This is because as the string is plucked it needs a bit of room to vibrate. If the slot depth is to low then as it vibrates it will catch the fret. This is what causes the buzzing. A good way to tell is that It usually, catches the first fret only when playing open notes.
In addition, if the nut slots are too high it will create high action. This means the strings are further away than necessary to the fret board making it harder to play.
High action creates discomfort when playing and sharpens intonation.
The width of the string slot is determined by what gauge strings your guitar is set up for.
This is because each string slot should just slightly exceed the diameter of that string.
For example, if you have a gauge 9 then the slot should exceed that width ever so slightly so the string fits snug.
It is important to note that if the string is tight you will hear a pinging sound when tuning up. This can cause the strings to bind and create tuning problems. An increase in string diameter sometimes requires an adjustment to the slots width, which can be easily done with a file.
If the slot is to wide you may experience to much give when bending notes, and feel loose overall.
The angle of the Nut also greatly contributes towards tone and resonance.
The slots must also be angled correctly.
As the strings flow over the nut they must rest in parallel to the nut.
This is because if they are not parallel it could obstruct the function of strings vibration. For example, if the angle is too steep the string may actually rest on just a small portion of the slot causing premature wear of the string as it is sitting on a small peak. This results in the peak slowly chiselling into the string.
Overall, the angle is especially critical for a clear, clean sound.
A poorly angled nut slot can create a buzz like sound that can often be silenced if downward pressure is applied to the string behind the nut (over the peghead). This is often a sign that the string is not contacting the nut slot properly. The sound very closely mimics the sound of the string hitting the first fret when the slot is too deep.
The nut height is determined once the slots are at the correct height away from the fret board.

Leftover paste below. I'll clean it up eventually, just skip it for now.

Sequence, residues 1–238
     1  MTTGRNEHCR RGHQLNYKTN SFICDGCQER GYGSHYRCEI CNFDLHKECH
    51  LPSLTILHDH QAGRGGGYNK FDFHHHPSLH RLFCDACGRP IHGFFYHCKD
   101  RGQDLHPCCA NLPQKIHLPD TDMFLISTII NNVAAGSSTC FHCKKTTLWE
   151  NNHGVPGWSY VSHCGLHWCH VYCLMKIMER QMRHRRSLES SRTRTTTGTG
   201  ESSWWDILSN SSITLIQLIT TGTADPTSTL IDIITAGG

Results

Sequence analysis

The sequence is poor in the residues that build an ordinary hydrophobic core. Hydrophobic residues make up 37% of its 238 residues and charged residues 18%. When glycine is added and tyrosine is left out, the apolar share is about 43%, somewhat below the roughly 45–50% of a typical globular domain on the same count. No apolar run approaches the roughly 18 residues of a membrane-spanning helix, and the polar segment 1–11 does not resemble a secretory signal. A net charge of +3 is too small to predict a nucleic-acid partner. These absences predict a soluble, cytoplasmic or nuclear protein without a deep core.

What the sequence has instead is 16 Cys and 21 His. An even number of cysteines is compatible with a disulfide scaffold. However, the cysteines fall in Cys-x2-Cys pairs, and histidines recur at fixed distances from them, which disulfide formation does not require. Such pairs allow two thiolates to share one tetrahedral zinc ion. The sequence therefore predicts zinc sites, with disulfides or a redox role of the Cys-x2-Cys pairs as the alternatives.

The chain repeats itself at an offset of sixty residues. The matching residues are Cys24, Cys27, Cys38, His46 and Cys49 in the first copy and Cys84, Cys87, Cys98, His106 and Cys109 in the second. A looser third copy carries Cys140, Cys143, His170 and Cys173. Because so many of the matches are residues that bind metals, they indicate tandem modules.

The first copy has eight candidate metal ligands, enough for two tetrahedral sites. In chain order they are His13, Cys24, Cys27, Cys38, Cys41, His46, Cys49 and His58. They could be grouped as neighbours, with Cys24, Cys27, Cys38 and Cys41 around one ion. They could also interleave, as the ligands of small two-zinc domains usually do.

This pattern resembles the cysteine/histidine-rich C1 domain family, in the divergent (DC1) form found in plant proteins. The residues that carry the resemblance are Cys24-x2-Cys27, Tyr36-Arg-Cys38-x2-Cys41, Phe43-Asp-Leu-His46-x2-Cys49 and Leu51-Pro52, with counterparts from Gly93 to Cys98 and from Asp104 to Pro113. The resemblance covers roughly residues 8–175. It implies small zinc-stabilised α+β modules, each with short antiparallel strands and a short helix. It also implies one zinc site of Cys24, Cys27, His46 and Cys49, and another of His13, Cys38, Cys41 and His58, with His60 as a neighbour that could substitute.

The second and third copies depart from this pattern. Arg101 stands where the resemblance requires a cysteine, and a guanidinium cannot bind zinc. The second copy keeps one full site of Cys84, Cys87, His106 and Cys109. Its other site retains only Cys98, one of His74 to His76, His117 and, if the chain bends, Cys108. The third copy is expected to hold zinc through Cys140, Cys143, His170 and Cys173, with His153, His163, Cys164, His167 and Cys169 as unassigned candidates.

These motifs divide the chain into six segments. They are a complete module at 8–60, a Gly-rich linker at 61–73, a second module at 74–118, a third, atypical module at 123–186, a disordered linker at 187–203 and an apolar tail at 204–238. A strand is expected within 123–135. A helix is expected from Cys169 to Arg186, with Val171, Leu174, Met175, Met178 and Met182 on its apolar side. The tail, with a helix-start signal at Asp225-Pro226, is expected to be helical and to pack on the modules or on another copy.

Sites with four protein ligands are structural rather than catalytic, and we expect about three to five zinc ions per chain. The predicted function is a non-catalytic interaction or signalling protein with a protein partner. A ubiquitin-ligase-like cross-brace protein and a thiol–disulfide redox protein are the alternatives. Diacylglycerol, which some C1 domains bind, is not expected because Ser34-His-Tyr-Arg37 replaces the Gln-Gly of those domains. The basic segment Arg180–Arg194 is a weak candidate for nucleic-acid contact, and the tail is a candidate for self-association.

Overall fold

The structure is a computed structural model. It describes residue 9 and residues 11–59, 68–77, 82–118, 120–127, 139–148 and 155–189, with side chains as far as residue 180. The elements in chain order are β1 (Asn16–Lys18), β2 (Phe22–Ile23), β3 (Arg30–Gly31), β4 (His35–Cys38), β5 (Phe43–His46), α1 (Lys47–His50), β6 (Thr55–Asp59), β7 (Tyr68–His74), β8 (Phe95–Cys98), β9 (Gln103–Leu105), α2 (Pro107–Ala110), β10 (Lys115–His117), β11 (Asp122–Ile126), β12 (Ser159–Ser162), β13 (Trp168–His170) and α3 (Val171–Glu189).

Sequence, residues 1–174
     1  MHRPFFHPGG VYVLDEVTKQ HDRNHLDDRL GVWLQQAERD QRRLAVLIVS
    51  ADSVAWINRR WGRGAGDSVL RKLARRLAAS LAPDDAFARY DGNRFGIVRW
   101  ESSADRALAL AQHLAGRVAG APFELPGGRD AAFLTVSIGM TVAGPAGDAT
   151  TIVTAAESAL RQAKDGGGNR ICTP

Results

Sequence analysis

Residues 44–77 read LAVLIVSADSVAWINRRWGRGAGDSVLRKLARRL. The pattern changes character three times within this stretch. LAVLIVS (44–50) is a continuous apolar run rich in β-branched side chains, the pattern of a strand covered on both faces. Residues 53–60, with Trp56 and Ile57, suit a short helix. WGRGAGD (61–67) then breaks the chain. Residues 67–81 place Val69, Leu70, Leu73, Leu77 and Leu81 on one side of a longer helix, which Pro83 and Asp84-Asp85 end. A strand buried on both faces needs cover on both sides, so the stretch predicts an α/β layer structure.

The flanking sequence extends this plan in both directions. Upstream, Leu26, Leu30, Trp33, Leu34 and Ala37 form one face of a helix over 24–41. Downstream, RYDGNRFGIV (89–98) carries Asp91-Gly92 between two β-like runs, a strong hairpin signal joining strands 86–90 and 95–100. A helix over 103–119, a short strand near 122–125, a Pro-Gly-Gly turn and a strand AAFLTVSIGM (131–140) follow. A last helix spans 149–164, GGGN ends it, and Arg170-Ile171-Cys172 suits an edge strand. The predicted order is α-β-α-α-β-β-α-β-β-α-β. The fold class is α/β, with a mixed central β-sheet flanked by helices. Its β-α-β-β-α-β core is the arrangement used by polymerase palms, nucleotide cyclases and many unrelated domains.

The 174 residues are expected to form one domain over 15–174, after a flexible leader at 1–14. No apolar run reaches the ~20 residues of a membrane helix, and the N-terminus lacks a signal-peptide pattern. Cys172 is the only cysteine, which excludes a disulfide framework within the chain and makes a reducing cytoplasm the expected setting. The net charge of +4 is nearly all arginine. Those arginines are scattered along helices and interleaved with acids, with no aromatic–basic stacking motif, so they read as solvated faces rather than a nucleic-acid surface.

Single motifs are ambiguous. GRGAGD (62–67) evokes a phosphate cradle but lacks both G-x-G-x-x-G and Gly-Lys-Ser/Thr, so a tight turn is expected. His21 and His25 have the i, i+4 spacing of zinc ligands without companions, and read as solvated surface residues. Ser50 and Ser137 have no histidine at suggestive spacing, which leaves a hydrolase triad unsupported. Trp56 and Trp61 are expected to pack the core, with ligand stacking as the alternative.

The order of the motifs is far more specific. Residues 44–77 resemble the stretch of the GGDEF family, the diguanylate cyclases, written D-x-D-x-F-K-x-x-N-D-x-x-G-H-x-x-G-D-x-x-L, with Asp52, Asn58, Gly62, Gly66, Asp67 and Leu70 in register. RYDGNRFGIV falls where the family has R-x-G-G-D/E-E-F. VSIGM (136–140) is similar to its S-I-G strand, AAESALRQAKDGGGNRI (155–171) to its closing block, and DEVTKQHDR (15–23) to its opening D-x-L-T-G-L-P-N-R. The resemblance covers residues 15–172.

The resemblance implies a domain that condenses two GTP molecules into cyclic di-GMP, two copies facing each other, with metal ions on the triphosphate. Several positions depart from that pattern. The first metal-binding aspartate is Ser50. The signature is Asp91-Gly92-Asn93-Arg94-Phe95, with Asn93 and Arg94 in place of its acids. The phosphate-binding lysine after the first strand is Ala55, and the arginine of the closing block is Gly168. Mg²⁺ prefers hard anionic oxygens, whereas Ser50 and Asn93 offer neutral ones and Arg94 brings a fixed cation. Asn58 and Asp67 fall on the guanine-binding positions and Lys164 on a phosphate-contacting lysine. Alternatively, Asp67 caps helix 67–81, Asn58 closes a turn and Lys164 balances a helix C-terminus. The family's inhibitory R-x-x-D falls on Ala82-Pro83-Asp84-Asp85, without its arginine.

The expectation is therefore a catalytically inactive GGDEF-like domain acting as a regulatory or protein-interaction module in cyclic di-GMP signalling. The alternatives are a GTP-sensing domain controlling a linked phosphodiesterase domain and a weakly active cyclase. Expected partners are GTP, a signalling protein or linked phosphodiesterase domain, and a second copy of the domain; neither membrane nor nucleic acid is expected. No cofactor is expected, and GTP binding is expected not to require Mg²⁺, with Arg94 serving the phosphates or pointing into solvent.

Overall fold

Once the slots have been deepened, it is good practice to remove/shave material from the top of the nut just to avoid having steep walls that surrounds each string.
Its good practice to have the slots deep enough to keep the strings from popping out when plucked but not so deep that they are buried.
6. Salvaging an Old Nut
If you are the type of person that tries to avoid waste then there is a good to salvage an old nut.
If you have a vintage guitar then the chances are the original nut is made from ivory or ebony that have beautiful aesthetics. By keeping it original Nut will actually increase the lifetime value of your instrument.
Furthermore, by reusing an original nut (if made from bone or other premium material) could save you a lot of money.
If you are looking to salvage your old Nut then you are probably having one of three problems.
- Action is low and needs raising
- Nut is loose and needs securing
- Nut is worn and needs lubricating
Below I will discuss these in slightly more detail.
Raising the Action of an Old Nut
If you have a vintage guitar and looking to raise the action of the nut then there is a method to do this.
You can do this by gluing a material that matches the original and stick them together by applying glue at the bottom. Then you sand round the edges until they appear smooth. You can now file the nut down.
Fixing a Loose Guitar Nut
It is quite a common problem that guitar nuts can come loose.
If a nut comes loose then it is recommended to using a two drops of wood glue (one drop at each end of the nut) to reattach it.
You will want to avoid stronger/permanent glue as this can create problems if you were to want to remove it again in the future.
Lubricating Nut Slots
Friction on the nut can be a massive problem when tuning your guitar up. It can cause issues like string slippage, binding and pinging. Therefore, you may want to consider using some Vaseline or even pencil lead to create a slippery nut surface.
In this article, we looked at how a guitar Nut could be affecting the tone and performance of your guitar.
We discussed that there are four major considerations when servicing your nut.
These include Slot depth, Slot width, Slot angle and the overall Shape.
By having all four of the above your guitar nut will be performing fine.